BENEATH the flat and paper sky
The sun, a demon’s eye,
Glowed through the air, that mask of glass;
All wand’ring sounds that pass
Seemed out of tune, as if the light
Were fiddle-strings pulled tight.
The market-square with spire and bell
Clanged out the hour in Hell;
The busy chatter of the heat
Shrilled like a parakeet;
And shuddering at the noonday light
The dust lay dead and white
As powder on a mummy’s face,
Or fawned with simian grace
Round booths with many a hard bright toy
And wooden brittle joy:
The cap and bells of Time the Clown
That, jangling, whistled down
Young cherubs hidden in the guise
Of every bird that flies;
And star-bright masks for youth to wear,
Lest any dream that fare
–Bright pilgrim–past our ken, should see
Hints of Reality.
Upon the sharp-set grass, shrill-green,
Tall trees like rattles lean,
And jangle sharp and dissily;
But when night falls they sign
Till Pierrot moon steals slyly in,
His face more white than sin,
Black-masked, and with cool touch lays bare
Each cherry, plum, and pear.
Then underneath the veiled eyes
Of houses, darkness lies–
Tall houses; like a hopeless prayer
They cleave the sly dumb air.
Blind are those houses, paper-thin
Old shadows hid therein,
With sly and crazy movements creep
Like marionettes, and weep.
Tall windows show Infinity;
And, hard reality,
The candles weep and pry and dance
Like lives mocked at by Chance.
The rooms are vast as Sleep within;
When once I ventured in,
Chill Silence, like a surging sea,
Slowly enveloped me.
What the Goose-Girl Said About the Dean
"By Candlelight" BY EDITH SITWELL
Houses red as flower of bean, Flickering leaves and shadows lean! Pantalone, like a parrot, Sat and grumbled in the garret— Sat and growled and grumbled till Moon upon the window-sill Like a red geranium Scented his bald cranium. Said Brighella, meaning well: “Pack your box and—go to Hell! Heat will cure your rheumatism!” . . . Silence crowned this optimism— Not a sound and not a wail: But the fire (lush leafy vales) Watched the angry feathers fly. Pantalone ’gan to cry— Could not, would not, pack his box! Shadows (curtseying hens and cocks) Pecking in the attic gloom Tried to smother his tail-plume . . . Till a cockscomb candle-flame Crowing loudly, died: Dawn came.
BY CAROL ANN DUFFY | 2 MINS
(Read Carol Ann Duffy‘s Biography)
At childhood’s end, the houses petered out
into playing fields, the factory, allotments
kept, like mistresses, by kneeling married men,
the silent railway line, the hermit’s caravan,
till you came at last to the edge of the woods.
It was there that I first clapped eyes on the wolf.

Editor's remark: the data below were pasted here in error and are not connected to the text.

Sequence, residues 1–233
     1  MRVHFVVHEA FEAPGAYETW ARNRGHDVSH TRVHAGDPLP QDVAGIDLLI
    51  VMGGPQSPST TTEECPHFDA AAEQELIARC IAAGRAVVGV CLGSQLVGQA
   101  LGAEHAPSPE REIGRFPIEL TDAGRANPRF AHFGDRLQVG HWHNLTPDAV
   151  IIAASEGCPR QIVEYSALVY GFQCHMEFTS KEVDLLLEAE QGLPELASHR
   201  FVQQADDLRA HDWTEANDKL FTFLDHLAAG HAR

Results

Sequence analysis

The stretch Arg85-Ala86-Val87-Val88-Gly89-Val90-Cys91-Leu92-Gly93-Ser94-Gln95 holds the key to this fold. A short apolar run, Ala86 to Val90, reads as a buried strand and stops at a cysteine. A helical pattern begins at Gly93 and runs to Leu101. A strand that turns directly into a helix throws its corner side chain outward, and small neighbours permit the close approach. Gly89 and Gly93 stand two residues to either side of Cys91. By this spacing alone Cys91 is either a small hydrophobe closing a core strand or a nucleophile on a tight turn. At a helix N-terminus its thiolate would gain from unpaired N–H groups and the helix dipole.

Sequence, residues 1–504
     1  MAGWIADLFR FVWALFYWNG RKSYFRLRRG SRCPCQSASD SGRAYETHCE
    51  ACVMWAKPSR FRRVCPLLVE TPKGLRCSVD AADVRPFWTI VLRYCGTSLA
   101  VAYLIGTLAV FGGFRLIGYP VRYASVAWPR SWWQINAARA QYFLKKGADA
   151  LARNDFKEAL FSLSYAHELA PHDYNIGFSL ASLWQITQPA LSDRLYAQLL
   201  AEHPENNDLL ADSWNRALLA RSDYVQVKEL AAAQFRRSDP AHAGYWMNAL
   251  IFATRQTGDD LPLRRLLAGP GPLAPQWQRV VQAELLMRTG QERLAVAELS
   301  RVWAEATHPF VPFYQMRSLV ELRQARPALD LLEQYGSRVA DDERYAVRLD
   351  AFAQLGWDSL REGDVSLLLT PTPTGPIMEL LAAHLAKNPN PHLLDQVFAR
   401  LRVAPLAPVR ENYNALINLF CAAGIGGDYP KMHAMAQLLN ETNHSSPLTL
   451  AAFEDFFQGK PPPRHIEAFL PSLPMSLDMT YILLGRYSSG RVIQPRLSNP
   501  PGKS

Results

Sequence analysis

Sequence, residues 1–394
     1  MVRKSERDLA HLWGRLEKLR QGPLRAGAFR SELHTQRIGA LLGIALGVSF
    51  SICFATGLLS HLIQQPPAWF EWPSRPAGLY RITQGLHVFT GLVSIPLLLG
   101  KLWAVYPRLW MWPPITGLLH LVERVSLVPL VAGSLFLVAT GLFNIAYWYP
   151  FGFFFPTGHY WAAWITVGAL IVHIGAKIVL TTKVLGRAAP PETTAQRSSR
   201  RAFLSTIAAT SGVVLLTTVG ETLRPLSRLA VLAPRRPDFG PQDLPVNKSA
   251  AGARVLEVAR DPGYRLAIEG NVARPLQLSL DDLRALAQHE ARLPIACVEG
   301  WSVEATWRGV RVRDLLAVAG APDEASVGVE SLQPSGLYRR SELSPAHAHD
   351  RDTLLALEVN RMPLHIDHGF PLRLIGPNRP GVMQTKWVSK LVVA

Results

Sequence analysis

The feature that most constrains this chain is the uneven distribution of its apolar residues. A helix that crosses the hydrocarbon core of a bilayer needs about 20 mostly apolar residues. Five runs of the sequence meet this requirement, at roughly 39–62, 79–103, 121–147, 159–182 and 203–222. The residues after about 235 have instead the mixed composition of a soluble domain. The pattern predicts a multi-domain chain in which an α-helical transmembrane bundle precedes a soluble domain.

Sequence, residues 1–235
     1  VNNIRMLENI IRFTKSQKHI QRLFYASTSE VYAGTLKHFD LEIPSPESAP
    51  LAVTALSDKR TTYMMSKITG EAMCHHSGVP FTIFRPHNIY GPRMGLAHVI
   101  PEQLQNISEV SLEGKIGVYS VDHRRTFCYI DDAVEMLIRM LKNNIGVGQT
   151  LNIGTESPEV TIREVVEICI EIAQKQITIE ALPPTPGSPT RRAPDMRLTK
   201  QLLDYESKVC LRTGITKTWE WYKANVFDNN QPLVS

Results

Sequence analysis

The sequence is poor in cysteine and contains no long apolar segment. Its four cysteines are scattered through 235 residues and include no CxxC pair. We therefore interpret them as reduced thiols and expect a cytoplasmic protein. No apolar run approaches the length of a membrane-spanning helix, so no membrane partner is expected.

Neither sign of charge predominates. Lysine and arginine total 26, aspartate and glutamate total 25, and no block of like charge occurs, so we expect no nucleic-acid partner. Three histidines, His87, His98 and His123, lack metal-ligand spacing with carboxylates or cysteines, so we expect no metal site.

He stood in a clearing, reading his verse out loud
in his wolfy drawl, a paperback in his hairy paw,
red wine staining his bearded jaw. What big ears
he had! What big eyes he had! What teeth!
In the interval, I made quite sure he spotted me,
sweet sixteen, never been, babe, waif, and bought me a drink,
my first. You might ask why. Here’s why. Poetry.
The wolf, I knew, would lead me deep into the woods,
away from home, to a dark tangled thorny place
lit by the eyes of owls. I crawled in his wake,
my stockings ripped to shreds, scraps of red from my blazer
snagged on twig and branch, murder clues. I lost both shoes
but got there, wolf’s lair, better beware. Lesson one that night,
breath of the wolf in my ear, was the love poem.
I clung till dawn to his thrashing fur, for
what little girl doesn’t dearly love a wolf?
Then I slid from between his heavy matted paws
and went in search of a living bird – white dove –
which flew, straight, from my hands to his open mouth.
One bite, dead. How nice, breakfast in bed, he said,
licking his chops. As soon as he slept, I crept to the back
of the lair, where a whole wall was crimson, gold, aglow with books.
Words, words were truly alive on the tongue, in the head,
warm, beating, frantic, winged; music and blood.
But then I was young – and it took ten years
in the woods to tell that a mushroom
stoppers the mouth of a buried corpse, that birds
are the uttered thought of trees, that a greying wolf
howls the same old song at the moon, year in, year out,
season after season, same rhyme, same reason. I took an axe
to a willow to see how it wept. I took an axe to a salmon
to see how it leapt. I took an axe to the wolf
as he slept, one chop, scrotum to throat, and saw
the glistening, virgin white of my grandmother’s bones.
I filled his old belly with stones. I stitched him up.
Out of the forest I come with my flowers, singing, all alone.
Vital spark of heav’nly flame!
Quit, O quit this mortal frame:
Trembling, hoping, ling’ring, flying,
O the pain, the bliss of dying!
Cease, fond Nature, cease thy strife,
And let me languish into life.
Hark! they whisper; angels say,
Sister Spirit, come away!
What is this absorbs me quite?
Steals my senses, shuts my sight,
Drowns my spirits, draws my breath?
Tell me, my soul, can this be death?
The world recedes; it disappears!
Heav’n opens on my eyes! my ears
With sounds seraphic ring!
Lend, lend your wings! I mount! I fly!
O Grave! where is thy victory?
O Death! where is thy sting?
He has not served who gathers gold,
Nor has he served, whose life is told
In selfish battles he has won,
Or deeds of skill that he has done;
But he has served who now and then
Has helped along his fellow men.
The world needs many men today;
Red-blooded men along life’s way,
With cheerful smiles and helping hands,
And with the faith that understands
The beauty of the simple deed
Which serves another’s hour of need.
Strong men to stand beside the weak,
Kind men to hear what others speak;
True men to keep our country’s laws
And guard its honor and its cause;
Men who will bravely play life’s game
Nor ask rewards of gold and fame.
Teach me to do the best I can
To help and cheer our fellow man;
Teach me to lose my selfish need
And glory in the larger deed
Which smoothes the road, and lights the day
For all who chance to come my way.